Tag Archives: library

Genre-fying the Library! (3)


If you haven’t checked out part 1 and part 2 of my “Library Genrefication Project,” click the links so you can catch up on my big project!

So as we cleared the shelves, we sorted the book onto a long cabinet that had the different genres listed along the front.

The area on the other side of the cabinet is the reference/professional book/picture book area (and ISC/ISS area.) You can see the shelves that we’ve started clearing on the back wall. This was second period, so they were finishing up the 2nd column of shelves.

Below are realistic fiction books written by authors whose last names start with A or B:

I’m hoping that the next step in the library makeover is updating the posters that we have displayed! These READ posters are literally from the 90s. Bill Cosby has no gray hair. Dakota Fanning is still like 8. We need new stuff! Here’s another example:

This is the view if you’re looking out of the library, looking over the long cabinet that serves as our 4th wall. The top of the cabinet has magazines while the bottom shelves house the biography/autobiography/memior books. Has anyone separated this section? I’ve toyed with separating political/historical figures from pop-culture/celebrity…just not sure if it would be worth it. Students might ignore the political/historical and miss out on some good reads.

We thought about ordering genre signs, but it seems that all of the merchandise available for purchase are geared more toward elementary libraries. We just needed something simple that told what genre was in that area, so I made these simple genre signs in just a couple of hours:

First, we cut quite a few file folders into quarters. We cut it in half along the crease that’s already there, then folded and cut in half again. There’s a little bit of excess that you might have to cut off to make a better rectangle.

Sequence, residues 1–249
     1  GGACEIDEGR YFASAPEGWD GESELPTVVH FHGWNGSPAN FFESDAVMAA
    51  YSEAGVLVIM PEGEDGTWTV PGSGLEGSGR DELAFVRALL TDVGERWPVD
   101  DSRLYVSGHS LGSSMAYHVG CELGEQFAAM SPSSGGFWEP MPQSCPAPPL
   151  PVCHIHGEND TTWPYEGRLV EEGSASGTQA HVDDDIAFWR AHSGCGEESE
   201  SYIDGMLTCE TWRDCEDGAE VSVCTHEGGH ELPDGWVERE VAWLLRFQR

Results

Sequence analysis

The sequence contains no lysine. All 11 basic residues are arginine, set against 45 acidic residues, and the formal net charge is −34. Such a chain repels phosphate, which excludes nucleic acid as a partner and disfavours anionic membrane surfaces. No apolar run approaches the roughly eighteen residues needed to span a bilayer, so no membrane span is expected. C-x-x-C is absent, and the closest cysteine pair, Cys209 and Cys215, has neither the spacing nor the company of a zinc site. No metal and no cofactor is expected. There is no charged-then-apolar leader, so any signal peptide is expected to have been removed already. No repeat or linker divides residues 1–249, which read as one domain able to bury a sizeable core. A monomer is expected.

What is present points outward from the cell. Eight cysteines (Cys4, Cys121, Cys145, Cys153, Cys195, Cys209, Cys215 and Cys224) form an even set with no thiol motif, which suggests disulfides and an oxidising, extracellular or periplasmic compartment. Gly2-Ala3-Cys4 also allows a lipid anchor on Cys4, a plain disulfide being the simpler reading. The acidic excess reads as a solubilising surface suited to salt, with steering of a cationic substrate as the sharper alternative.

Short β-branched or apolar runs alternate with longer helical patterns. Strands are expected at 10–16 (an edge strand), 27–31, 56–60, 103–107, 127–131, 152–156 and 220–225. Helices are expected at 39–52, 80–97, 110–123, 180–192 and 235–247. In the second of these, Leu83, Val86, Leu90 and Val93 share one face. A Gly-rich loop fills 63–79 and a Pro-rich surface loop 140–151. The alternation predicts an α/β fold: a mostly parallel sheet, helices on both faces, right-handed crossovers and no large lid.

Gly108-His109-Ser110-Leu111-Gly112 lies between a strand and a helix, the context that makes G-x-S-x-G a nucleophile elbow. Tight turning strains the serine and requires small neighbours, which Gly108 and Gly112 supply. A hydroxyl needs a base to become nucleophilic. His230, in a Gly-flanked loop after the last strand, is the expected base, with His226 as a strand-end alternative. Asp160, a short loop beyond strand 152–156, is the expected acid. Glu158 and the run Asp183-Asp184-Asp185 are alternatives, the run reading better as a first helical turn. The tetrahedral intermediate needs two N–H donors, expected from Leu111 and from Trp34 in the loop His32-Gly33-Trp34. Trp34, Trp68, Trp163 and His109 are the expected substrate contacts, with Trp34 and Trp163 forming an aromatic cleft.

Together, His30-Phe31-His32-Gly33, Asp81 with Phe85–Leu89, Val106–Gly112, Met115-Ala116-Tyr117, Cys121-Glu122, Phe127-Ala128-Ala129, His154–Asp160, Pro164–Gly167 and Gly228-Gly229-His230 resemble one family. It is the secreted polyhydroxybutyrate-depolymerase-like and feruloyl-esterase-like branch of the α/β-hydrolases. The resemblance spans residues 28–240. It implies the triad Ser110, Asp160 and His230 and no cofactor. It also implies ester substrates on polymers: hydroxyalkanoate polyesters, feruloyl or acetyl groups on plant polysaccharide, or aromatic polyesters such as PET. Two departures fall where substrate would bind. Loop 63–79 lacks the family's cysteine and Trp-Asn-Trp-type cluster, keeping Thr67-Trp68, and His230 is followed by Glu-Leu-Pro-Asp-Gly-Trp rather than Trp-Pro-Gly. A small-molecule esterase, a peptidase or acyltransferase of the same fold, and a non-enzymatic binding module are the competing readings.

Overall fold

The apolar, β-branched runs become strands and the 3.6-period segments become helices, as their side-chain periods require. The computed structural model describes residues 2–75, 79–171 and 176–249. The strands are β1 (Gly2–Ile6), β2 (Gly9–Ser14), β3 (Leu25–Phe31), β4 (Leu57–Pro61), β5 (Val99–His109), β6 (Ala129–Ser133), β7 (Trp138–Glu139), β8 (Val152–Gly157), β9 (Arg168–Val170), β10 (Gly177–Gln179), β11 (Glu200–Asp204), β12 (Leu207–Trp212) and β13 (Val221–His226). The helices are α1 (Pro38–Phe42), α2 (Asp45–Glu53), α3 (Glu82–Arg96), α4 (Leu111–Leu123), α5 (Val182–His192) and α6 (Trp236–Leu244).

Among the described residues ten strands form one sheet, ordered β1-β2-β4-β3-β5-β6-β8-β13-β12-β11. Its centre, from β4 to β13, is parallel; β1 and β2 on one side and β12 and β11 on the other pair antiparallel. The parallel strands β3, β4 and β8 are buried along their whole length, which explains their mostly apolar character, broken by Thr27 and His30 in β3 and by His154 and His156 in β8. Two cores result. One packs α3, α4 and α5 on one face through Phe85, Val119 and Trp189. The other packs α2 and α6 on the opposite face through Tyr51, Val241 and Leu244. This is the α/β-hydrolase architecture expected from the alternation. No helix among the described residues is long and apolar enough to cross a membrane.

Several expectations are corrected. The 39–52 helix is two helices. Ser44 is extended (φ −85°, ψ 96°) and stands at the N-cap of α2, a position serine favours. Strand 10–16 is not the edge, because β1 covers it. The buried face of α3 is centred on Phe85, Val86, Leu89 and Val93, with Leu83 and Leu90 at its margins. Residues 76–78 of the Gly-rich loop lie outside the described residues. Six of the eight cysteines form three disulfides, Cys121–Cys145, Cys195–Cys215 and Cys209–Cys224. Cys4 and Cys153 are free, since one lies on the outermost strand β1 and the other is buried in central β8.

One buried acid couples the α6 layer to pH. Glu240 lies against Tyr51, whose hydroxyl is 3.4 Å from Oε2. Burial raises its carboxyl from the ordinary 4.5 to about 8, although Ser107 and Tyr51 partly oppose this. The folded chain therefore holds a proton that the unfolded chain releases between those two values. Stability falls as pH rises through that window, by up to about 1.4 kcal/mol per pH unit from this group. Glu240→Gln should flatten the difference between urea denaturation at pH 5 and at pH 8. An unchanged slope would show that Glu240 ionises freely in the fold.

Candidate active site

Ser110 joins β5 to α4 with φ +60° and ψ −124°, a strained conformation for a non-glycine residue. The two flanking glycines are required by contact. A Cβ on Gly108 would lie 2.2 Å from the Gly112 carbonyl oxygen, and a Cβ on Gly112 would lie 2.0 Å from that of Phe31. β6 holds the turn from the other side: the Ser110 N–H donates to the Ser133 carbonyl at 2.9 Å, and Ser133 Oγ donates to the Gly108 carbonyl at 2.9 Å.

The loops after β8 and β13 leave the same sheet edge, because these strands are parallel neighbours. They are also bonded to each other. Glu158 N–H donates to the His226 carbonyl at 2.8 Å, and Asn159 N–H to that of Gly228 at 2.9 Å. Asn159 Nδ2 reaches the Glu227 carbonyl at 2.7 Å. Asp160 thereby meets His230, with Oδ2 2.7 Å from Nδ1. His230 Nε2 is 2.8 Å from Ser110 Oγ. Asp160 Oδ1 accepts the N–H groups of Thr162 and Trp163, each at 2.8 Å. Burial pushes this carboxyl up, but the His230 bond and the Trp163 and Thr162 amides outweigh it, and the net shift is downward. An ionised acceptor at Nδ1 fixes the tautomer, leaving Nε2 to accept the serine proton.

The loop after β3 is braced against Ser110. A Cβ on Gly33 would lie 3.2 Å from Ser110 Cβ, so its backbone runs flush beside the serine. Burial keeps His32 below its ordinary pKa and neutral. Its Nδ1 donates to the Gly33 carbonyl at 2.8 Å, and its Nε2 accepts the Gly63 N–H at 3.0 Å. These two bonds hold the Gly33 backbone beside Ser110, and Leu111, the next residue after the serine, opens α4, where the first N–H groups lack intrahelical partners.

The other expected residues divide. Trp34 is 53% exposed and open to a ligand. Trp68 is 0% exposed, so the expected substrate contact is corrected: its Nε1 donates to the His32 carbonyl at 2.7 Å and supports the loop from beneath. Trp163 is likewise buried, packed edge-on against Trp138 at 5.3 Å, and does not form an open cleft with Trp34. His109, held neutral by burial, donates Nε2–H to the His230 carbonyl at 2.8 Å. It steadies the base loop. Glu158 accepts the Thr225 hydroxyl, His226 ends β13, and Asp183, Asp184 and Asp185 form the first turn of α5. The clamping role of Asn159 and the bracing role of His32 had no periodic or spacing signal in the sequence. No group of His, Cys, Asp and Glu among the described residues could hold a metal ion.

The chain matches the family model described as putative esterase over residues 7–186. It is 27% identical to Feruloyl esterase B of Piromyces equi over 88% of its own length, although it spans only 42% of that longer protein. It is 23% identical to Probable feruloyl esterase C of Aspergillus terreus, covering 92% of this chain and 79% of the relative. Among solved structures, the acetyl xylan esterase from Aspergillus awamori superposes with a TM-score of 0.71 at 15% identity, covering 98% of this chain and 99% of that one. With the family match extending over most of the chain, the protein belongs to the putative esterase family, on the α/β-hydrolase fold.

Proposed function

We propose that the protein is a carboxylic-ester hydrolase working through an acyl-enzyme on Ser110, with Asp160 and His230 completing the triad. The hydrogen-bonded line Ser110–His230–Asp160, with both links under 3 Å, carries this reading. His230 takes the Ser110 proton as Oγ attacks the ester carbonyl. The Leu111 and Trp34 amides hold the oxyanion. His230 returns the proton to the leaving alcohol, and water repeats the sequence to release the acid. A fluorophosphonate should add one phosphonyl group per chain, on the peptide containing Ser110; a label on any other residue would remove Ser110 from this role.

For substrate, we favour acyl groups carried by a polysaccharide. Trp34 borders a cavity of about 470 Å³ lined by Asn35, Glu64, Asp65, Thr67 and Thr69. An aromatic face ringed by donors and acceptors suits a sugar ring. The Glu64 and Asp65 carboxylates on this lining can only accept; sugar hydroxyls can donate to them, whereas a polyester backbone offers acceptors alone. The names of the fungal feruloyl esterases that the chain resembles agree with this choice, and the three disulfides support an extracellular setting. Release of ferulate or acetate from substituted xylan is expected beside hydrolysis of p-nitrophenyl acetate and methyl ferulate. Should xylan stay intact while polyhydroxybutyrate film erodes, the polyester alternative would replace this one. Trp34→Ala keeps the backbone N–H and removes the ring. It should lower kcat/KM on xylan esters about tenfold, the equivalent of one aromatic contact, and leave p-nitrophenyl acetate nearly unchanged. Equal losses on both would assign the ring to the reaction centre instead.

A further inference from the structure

I used Microsoft Word and typed the genre vertically (using WordArt), then a short description of that genre in a text box beneath the genre. I copy/pasted this so that it was side-by-side like the SPORTS genre listed above. That filled 1/2 of a page in Word. Then I repeated this with another genre, so on each printed page there were 2 genres.

Using the picture above as reference, ADVENTURE and SPORTS were printed on 1 page, then my librarian cut the page in half, separating the genres. Next, fold the paper in half, so you can see the genre from the front and back, and slide a file folder into the fold. If you were to flip the ADVENTURE sign over, it would say the same thing on the back.

Whew, is that clear as mud?! It sounds confusing reading it, but I swear it was SO super simple!! This is what the signs will look like once they are on the shelves:

Once the laminator at our school is fixed, each sign will be laminated then taped to the inside of the shelf. We have currently started re-shelving the books (yay! You’ll get that update soon!), and we’ve realized that we need more of these signs. Some of the genres start in one column of shelves and carries over to another. We want a sign at the beginning of the genre as well as at the top of each shelf. Also, some students suggested that  we put a sign on the front of the shelf, so I’ll be printing out a few of signs to tape to the front of the shelves. They’ll probably be a little bit smaller/different, so I’ll post a picture of those once they’re done.

Okay, next update I’ll tell you how we alphabetized the books before we re-shelved them and give updated pictures of what’s going on! I know you’re excited 😉


Genre-fying the Library! (2)


Our library genre-fication project is going so well! I promised updates and pictures, so enjoy!

The library doesn’t have a 4th wall…just 3. The back wall is open, and I am standing “outside” the library to take this picture. The cabinets in the foreground with the plant/book provide the 4th barrier to close in the library.

There are also a couple of shelves that highlight new books that are on this 4th “wall” to the left (if looking at the picture now). Since this is pretty much all of our fiction, this isn’t as monumental a task that it would be in the library at a larger school. I can’t even imagine how this would take place then!